Missouri Republican activists will signal their first 2016 presidential preferences by participating in a straw poll this weekend during the party’s annual Lincoln Days festivities.
This year, the event has been renamed “Reagan-Lincoln Days’’ in honor of Ronald Reagan, who was president in the 1980s.
The unscientific straw poll is among the activities aimed at energizing the hundreds of party faithful expected to attend the three-day event in Kansas City.
Outgoing state party chairman Ed Martin said there will be at least two presidential straw polls – one among the 68 members of the state GOP committee, and another among the registered Lincoln Days attendees.
The votes presumably will be cast before one potential GOP contender – former Sen. Rick Santorum of Pennsylvania – takes to the stage at Saturday night’s banquet. Santorum, a social conservative, won Missouri’s nonbinding 2012 Republican presidential primary.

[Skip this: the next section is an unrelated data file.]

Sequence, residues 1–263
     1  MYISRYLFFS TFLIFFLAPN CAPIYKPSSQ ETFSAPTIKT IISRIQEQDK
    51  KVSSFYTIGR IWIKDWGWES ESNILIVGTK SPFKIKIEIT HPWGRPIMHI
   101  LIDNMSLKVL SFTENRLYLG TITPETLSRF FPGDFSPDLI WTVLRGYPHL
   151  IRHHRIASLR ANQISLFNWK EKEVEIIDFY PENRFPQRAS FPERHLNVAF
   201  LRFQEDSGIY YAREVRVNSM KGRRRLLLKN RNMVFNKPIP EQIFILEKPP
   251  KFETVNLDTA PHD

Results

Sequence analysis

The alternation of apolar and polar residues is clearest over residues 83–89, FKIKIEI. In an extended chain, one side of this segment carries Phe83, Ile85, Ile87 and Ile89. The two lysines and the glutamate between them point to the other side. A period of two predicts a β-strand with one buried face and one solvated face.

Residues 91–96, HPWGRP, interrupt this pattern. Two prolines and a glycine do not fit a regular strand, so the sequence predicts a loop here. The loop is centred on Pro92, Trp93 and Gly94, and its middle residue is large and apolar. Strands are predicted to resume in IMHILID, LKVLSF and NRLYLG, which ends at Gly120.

Also scheduled to speak during the weekend is current U.S. Sen. Kelly Ayotte, R-N.H., who is on many GOP short lists as a potential vice presidential running mate.
Missouri's already heated Republican contest for governor also might be a straw-poll topic, although Martin said no decision had yet to be made. The two best-known announced Republicans contenders are state Auditor Tom Schweich and former state House Speaker Catherine Hanaway.
The hottest issue during the weekend, however, is likely to be Saturday’s election of a new state party chairman. John Hancock, a former state legislator from St. Louis County and now a GOP consultant, is competing against party activists Nick Myers of Neosho and Eddy Justice of Poplar Bluff.
Myers is the Republican chairman in Newton County, while Justice heads up Republicans in Butler County and in the 8th congressional district. The decision will be up to the state party's 68-member executive committee.
Martin had been expected to seek re-election until a few weeks ago, when he announced that he will be the new president of the Eagle Forum, a nationally known conservative group founded by Phyllis Schlafly.
Martin says he already has started his new job but remains state party chairman as well until the state GOP’s executive committee chooses his successor.